Around $9.50/hr, not including how much I spent on gas, though I factor my mileage into my taxes at the end of the year. Keep in mind this was just one day. And also like I said above, it seems like if you stay logged on consistently you’ll end up making more in the long run. I’m picky about who I have in my car, so more than likely I turned a few trips down. That means my 2 hours and 49 minutes includes the time I sat at home waiting to accept a passenger. I wasn’t actually driving for 3 hours, I was logged onto their app for 3 hours ready to drive.

Would I drive for Lyft again? In a crunch I would, but personally I don’t really like people in my car. I prefer the food-driving gigs or Amazon Flex, I’ll explain more about those later. Lyft does offer a pretty nice referral bonus for referring new drivers, but the offers do change all the time! Currently for my city and state, each driver you refer will net you $100 after they make 110 trips in 30 days. Also, Lyft guarantees that if your referral makes the 110 trips in 30 days they’ll make $750! What does this mean exactly? It means if your referral makes for example $600 on those 110 trips, they’ll supplement the remaining $150. Definitely not a bad way to make money on the side. If you haven’t signed up already, won’t you please sign up here?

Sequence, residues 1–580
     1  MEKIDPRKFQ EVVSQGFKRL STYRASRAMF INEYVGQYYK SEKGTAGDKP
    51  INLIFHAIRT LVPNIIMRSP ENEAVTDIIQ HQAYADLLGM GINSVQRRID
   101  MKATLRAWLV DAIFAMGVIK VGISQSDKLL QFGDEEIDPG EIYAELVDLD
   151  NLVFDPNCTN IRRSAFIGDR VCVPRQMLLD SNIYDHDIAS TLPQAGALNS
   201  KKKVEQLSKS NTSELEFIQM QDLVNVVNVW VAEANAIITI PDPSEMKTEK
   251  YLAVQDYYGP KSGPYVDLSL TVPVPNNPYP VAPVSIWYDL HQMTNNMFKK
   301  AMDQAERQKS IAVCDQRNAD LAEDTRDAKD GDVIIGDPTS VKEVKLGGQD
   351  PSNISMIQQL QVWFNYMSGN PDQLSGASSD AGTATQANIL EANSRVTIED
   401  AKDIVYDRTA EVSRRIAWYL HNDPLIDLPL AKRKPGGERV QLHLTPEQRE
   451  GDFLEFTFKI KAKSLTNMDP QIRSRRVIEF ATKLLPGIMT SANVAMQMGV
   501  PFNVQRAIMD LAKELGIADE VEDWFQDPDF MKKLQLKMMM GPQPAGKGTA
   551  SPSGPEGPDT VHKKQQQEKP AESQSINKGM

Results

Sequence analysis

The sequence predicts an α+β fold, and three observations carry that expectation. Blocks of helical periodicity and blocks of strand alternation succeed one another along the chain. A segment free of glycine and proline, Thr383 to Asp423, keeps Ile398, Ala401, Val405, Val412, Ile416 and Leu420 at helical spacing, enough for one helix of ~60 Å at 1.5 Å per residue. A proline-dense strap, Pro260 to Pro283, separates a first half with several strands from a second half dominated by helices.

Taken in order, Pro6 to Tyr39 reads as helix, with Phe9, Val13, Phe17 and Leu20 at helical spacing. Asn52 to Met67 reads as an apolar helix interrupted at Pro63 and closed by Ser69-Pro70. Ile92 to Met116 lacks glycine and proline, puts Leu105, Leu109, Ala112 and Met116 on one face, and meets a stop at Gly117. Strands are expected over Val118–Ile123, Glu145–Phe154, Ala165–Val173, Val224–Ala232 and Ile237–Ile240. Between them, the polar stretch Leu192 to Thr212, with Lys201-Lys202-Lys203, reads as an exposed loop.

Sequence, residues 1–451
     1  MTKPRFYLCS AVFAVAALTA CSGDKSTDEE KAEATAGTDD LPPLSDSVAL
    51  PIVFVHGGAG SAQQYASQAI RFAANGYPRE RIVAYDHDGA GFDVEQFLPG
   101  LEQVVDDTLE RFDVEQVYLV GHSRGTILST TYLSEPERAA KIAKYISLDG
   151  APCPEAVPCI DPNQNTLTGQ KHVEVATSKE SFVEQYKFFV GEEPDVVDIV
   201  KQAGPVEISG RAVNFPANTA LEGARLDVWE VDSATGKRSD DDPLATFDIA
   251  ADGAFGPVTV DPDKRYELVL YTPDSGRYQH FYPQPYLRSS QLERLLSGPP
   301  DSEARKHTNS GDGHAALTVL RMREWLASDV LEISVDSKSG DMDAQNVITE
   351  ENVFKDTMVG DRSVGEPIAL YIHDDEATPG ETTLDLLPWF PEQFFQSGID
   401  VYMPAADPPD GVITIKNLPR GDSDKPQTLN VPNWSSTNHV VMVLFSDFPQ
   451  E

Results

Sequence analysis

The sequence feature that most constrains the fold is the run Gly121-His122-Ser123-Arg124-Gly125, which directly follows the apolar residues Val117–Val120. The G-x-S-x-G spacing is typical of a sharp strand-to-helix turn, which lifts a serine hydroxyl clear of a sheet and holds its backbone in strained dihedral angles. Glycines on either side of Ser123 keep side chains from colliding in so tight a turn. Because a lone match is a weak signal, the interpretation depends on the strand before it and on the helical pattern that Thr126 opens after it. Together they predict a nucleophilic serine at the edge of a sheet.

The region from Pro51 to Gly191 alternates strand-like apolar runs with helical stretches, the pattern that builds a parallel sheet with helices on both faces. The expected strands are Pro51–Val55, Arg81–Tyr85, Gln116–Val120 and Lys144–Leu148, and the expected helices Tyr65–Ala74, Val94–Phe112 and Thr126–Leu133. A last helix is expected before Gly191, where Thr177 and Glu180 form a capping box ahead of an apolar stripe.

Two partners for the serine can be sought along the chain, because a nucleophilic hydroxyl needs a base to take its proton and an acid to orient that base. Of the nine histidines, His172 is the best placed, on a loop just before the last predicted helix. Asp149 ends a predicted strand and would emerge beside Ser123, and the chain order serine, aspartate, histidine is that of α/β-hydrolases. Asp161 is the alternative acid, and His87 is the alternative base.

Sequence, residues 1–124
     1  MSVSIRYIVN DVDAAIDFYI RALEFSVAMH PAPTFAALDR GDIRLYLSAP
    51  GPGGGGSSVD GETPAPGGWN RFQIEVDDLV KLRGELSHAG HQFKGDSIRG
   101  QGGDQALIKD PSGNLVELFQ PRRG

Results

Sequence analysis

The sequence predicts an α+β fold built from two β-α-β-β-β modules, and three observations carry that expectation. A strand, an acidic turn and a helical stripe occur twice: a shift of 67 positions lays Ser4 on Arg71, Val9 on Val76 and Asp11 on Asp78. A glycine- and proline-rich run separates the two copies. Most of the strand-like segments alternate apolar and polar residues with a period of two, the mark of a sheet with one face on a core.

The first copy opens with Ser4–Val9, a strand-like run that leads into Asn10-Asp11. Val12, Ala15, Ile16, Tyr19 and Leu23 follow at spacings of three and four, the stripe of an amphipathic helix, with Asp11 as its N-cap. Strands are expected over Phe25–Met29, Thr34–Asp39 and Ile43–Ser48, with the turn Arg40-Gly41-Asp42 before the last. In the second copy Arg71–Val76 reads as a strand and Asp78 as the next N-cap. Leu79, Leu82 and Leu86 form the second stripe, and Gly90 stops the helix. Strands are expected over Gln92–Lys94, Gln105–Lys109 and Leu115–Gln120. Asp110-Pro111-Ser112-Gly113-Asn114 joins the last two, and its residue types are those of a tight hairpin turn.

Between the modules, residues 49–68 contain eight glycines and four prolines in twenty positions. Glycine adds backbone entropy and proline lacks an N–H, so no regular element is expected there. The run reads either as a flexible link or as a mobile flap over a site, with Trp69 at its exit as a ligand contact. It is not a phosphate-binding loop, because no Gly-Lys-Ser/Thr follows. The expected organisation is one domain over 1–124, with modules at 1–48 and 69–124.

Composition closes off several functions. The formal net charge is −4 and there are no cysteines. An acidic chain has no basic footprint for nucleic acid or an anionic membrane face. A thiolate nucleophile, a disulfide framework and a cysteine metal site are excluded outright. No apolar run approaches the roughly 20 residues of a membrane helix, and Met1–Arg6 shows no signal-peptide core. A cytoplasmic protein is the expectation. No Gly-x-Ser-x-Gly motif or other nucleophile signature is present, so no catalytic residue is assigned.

SEMrush

Amazon Flex

This will cover Amazon Logistics, Amazon Prime, and Amazon Whole Foods. This is my main gig currently, and has been for 2 years. I. Love. Driving. For. Amazon!!! Can there be frustrating moments? Sure, just like any job. But for the amount I make, I take the good with the bad when it comes to this job. Let’s get into the differences between the different types of Amazon places you can pick up from, and what each route might entail.